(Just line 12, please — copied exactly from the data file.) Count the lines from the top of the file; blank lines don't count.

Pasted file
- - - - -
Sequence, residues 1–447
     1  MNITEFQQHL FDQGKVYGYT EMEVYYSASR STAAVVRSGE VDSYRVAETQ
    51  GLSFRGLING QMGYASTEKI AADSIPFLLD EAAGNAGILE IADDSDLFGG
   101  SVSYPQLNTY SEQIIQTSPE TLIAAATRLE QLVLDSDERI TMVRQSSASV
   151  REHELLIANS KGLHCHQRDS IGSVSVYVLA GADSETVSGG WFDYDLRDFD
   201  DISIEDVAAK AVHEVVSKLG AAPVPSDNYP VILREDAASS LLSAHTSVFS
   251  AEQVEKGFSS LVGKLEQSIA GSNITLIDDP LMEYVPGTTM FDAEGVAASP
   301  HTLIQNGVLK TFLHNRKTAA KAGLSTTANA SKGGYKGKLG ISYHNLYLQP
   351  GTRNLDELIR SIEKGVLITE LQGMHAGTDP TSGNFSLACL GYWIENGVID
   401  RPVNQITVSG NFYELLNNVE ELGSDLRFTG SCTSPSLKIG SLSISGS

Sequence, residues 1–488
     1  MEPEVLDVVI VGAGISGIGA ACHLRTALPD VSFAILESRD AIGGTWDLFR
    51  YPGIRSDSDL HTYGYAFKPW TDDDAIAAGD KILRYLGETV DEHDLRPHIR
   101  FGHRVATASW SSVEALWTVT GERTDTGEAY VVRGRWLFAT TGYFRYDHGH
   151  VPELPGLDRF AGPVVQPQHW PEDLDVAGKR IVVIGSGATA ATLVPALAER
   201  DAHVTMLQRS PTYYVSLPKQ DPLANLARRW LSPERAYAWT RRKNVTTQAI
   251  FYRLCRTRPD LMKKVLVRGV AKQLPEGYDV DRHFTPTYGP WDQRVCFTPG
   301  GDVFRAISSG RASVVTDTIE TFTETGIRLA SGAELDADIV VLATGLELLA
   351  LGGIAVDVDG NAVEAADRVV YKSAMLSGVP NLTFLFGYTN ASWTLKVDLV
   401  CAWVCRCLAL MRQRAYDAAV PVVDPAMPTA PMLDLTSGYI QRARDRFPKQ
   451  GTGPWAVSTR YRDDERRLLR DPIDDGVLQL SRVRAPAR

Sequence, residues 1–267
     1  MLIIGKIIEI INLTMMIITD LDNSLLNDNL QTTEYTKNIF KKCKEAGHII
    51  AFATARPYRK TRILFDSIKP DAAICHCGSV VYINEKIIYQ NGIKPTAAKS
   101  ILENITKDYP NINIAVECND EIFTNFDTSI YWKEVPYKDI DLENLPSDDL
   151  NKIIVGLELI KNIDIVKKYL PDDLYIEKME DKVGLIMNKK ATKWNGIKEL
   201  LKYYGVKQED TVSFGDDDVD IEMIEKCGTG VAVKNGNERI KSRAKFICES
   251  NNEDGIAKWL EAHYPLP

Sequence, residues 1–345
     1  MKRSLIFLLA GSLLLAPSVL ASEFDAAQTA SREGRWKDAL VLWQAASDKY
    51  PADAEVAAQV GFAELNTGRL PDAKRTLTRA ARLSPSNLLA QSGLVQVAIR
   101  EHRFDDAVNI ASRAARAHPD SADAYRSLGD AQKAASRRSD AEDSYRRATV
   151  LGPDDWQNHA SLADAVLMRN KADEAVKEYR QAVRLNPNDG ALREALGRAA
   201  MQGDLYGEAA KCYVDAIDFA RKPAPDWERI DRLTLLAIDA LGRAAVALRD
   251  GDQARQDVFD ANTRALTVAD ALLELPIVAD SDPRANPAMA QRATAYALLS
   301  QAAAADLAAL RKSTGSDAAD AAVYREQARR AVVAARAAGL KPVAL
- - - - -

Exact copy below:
     1  MEPEVLDVVI VGAGISGIGA ACHLRTALPD VSFAILESRD AIGGTWDLFR